The White House began the month of June on a commemorative note by acknowledging it as African-American Music Appreciation Month.
In a proclamation, President Obama paid tribute to the influence that black music has today. He was quick to note its powerful history as the foundation for other genres of popular music.
“In cherished songs passed down through generations and innovative musical fusions crafted today, African-American music continues to transcend time, place, and circumstance to provide a source of pride and inspiration for all who hear its harmonies,” said the president.
“This month, we celebrate the legacy of African-American music and its enduring power to bring life to the narrative of our nation,” he added in his statement.
Obama was descriptive as he acknowledged the early beginnings of African-American music, not just for its entertainment but also for its value as a tool of social justice.
“From the cadenced hums of spirituals to the melodies of rhythm and blues, African-American music has been used to communicate, to challenge, to praise, and to uplift in times of both despair and triumph. The rhythmic chords embedded in spirituals have long expressed a deep faith in the power of prayer, and brought hope to slaves toiling in fields,” the president said.
“The soulfulness of jazz and storytelling in the blues inspired a cultural renaissance, while the potent words of gospel gave strength to a generation that rose above the din of hatred to move our country toward justice and equality for all,” he continued.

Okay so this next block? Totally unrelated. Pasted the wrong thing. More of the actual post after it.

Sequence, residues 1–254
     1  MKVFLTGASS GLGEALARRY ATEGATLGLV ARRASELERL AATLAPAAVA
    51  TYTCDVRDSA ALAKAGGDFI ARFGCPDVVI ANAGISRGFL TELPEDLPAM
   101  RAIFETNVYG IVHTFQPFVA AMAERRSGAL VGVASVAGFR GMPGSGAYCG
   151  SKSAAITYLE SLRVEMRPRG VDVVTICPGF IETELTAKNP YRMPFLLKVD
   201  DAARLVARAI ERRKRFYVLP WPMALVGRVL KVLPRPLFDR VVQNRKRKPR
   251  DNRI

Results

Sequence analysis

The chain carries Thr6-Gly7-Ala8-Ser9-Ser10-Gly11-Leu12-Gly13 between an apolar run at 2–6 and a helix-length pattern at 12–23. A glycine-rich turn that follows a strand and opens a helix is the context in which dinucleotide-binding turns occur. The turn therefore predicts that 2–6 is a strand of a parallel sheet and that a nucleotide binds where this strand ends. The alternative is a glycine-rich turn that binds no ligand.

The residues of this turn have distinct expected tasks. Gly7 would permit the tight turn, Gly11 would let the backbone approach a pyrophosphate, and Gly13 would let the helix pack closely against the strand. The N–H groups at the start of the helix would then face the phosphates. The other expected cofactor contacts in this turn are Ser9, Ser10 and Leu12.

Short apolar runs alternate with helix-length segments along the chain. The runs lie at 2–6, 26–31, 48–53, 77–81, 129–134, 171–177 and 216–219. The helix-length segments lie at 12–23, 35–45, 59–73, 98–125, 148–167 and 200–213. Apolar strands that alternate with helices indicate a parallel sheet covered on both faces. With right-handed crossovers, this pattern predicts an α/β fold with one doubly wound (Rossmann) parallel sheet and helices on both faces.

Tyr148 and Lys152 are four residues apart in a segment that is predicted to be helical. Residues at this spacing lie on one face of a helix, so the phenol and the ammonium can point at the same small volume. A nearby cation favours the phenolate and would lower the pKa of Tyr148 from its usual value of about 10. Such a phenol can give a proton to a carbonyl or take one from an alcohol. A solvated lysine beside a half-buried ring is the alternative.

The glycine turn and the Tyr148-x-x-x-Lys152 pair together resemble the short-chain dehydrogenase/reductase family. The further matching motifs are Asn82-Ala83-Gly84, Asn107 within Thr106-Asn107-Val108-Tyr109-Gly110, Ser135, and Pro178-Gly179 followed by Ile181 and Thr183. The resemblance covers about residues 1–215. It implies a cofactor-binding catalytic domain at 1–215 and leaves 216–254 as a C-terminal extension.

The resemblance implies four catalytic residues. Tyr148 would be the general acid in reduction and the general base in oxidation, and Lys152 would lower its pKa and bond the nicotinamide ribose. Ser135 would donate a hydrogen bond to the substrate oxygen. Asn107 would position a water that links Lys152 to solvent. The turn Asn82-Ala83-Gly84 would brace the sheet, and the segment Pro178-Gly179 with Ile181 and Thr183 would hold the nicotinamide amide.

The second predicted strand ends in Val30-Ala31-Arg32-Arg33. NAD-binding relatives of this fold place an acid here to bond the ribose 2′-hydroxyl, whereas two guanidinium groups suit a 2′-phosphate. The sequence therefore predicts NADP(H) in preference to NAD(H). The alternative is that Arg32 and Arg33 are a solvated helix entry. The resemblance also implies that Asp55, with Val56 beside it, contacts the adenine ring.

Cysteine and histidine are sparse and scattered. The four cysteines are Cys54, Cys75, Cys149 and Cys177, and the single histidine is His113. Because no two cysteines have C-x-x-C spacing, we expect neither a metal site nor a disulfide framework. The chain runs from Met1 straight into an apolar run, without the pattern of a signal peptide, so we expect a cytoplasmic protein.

The president called on the American people, including legislators and teachers, to observe the designation by raising awareness with programs and activities. He wants people to incorporate music that is composed, arranged or performed by African-Americans into their tributes.
The Obama family themselves have put a spotlight on some classic and contemporary African-American music artists during their two years in the White House. Singers such as Stevie Wonder, Aretha Franklin, Beyoncé, John Legend, Ledisi, and Jill Scott, along with rapper Common, to name a few, have all made appearances to share their artistry on the White House stage.